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Pregnant mares more receptive to younger foals

Are foals short-changed by their mothers if they become become pregnant again shortly after giving birth?

Researchers from the Czech Republic expected to find increased mother-offspring conflict where mares were pregnant, given that the mothers had an investment in not only a foal, but also a foetus.

However, researchers from the Institute of Animal Science and Charles University, in Prague, found the opposite was the case.

In fact, there was decreased mother-offspring conflict in pregant mares during the first two trimesters of pregnancy than between foals and mares where the mother was not pregnant.

“To our knowledge, this is the first study showing a lower mother-offspring conflict in pregnant than in non-pregnant lactating females, while expecting just the opposite,” the researchers wrote in the open access journal, PLoS ONE.

“Our results suggest that pregnant mares cope with parallel investment into a nursed foal and a foetus through enhancing nursing behaviour in early stages of pregnancy before the initially low requirements of the foetus increase.”

They pregant mares were, the authors noted, effectively compensating suckling foals in the first few months of life, given the prospect of an early weaning due to pregnancy.

They expected a similar scenario not only in free-living populations of equids, but also in other ungulate species with dual maternal investment, such as cattle, buffalo or goats.

“Our results suggest that pregnant mares cope with parallel investment into a nursed foal and a foetus through enhancing nursing behaviour in early stages of pregnancy before the initially low requirements of the foetus increase,” wrote Jitka Bartošová, Martina Komárková, Jana Dubcová, Luděk Bartoš and Jan Pluháček.

“This is most likely because they expect increasing trade-off between investment in a nursed foal and a growing foetus later in pregnancy, when demands of their foetus increase.

“Low initial demands of a foetus increase from mid-gestation and most of the foetal growth during the last trimester of pregnancy; pregnancy in horses normally ranges between 315 to 365 days, with the average being about 340 days.

“This increase seems to be well reflected by equid mares who wean their foals earlier than barren ones and time the weaning often just around the forthcoming of the last trimester of pregnancy.”

Pregnant mares could presumably start altering their maternal behaviour towards a nursed foal early after conception, as the recognition of pregnancy by the mare should occur on a physiological basis between day 7 and day 17, they noted.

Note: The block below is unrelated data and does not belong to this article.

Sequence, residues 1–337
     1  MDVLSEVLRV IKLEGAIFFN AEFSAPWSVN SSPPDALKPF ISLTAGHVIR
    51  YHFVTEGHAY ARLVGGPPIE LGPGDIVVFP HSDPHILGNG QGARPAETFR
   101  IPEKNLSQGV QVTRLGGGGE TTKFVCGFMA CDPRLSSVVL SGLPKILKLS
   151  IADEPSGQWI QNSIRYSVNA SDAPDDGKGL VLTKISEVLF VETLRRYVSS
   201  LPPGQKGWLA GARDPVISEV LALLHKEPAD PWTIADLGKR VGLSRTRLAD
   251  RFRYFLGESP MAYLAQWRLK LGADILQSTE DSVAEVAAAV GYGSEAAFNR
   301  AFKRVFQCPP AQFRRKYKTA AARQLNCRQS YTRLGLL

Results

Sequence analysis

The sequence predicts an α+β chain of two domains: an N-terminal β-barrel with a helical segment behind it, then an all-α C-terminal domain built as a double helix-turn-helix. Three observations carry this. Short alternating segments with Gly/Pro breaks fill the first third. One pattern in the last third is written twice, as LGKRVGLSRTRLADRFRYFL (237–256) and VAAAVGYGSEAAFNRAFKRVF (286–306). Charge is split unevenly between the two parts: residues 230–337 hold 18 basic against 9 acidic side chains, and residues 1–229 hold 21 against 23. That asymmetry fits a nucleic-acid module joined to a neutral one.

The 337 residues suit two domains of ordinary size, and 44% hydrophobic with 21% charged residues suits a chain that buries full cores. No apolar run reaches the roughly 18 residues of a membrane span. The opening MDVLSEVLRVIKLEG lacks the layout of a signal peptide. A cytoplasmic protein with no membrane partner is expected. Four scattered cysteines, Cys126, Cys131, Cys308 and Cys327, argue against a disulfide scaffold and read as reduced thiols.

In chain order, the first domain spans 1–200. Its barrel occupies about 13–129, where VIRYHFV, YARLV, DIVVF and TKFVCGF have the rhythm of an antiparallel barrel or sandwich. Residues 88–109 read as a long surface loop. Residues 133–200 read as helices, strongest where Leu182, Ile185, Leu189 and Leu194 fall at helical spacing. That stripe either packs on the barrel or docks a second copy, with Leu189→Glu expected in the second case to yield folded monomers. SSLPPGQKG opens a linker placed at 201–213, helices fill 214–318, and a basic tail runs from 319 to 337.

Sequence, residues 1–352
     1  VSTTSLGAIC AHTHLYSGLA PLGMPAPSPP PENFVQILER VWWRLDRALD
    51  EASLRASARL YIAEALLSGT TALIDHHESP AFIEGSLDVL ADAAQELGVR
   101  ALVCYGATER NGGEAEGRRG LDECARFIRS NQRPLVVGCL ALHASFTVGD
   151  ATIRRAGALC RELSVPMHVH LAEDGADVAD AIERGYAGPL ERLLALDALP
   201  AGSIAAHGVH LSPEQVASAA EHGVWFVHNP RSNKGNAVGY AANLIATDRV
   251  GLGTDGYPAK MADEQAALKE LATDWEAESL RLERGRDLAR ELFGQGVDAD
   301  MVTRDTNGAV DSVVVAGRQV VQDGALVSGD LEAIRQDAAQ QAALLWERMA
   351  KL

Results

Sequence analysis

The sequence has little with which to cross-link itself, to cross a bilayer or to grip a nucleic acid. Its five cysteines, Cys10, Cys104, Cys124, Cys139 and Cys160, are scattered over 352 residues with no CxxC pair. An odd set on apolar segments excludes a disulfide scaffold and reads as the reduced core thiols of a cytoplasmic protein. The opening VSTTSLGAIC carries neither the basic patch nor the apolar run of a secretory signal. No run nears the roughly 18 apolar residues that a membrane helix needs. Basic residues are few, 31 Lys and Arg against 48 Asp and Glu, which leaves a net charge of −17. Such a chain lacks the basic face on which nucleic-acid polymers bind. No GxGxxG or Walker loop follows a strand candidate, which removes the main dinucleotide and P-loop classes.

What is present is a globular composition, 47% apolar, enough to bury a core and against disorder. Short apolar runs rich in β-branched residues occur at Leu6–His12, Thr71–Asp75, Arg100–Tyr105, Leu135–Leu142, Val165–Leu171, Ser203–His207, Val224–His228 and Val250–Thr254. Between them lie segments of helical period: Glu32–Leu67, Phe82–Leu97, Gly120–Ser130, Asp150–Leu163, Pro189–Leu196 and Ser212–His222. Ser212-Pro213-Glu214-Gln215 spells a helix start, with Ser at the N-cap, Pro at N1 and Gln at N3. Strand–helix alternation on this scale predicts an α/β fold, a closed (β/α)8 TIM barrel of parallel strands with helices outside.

Thus pregnant mares may, through more intensive maternal care – less mother-offspring conflict – during early stages of lactation, compensate their nursed foals for later decrease in investment due to increasing demands of the foetus.

Barren mares, on the other hand, are not under pressure of dual investment and wean their foals usually later so they can spread their maternal investment over a longer period of lactation.

The authors said the weaning process could not be investigated as all foals in the study were artificially weaned before they reached seven months of age.

However, as milk production declines considerably by six months of lactation, the research covered the period of most intensive milk provision, they said.

The studied animals were in eight groups of loose-housed lactating mares with foals at the national stud farm, Kladruby nad Labem, in the Czech Republic.

Each group had 8 to 14 mares.

The groups of mares and foals were observed from their deliveries to abrupt weaning (ranging from four to seven months of age).

Each of the foals was observed for at least 127 days and for no more than 210 days, with the number of suckling events and their duration noted. The researchers also noted whether the mare or foal ended each suckling event.

With 516 hours of observation of 79 mare-foal pairs, the researchers recorded 10,848 suckling solicitations, from which 10,607 resulted in a suckling bout.

The mothers terminated 14.96 per cent of suckling bouts. Suckling duration ranged from 5 to 198 seconds.

Suckling sessions terminated by the mother were considerably shorter than those the foal terminated itself.

They found no significant effect of pregnancy on probability of the mother rejecting suckling attempts by her foal, nor was there a significant effect of pregnancy of the mother on the probability of her ending a suckling session.

The overall effect of a mare’s pregnancy on suckling duration was not significant (70.99 seconds in pregnant versus 68.90 seconds in non-pregnant mares). However, there were considerable differences in pregnant and non-pregnant mares when taking into account who terminated a suckling bout.

In cases where the mother terminated a suckling bout, the suckling bouts were longer in pregnant mares (65.36 seconds) than in non-pregnant mares (60.55 seconds), while there was no impact detected of pregnancy on duration of suckling bouts terminated by the foal (76.62 seconds versus 77.24 seconds).

 

Horsetalk.co.nz

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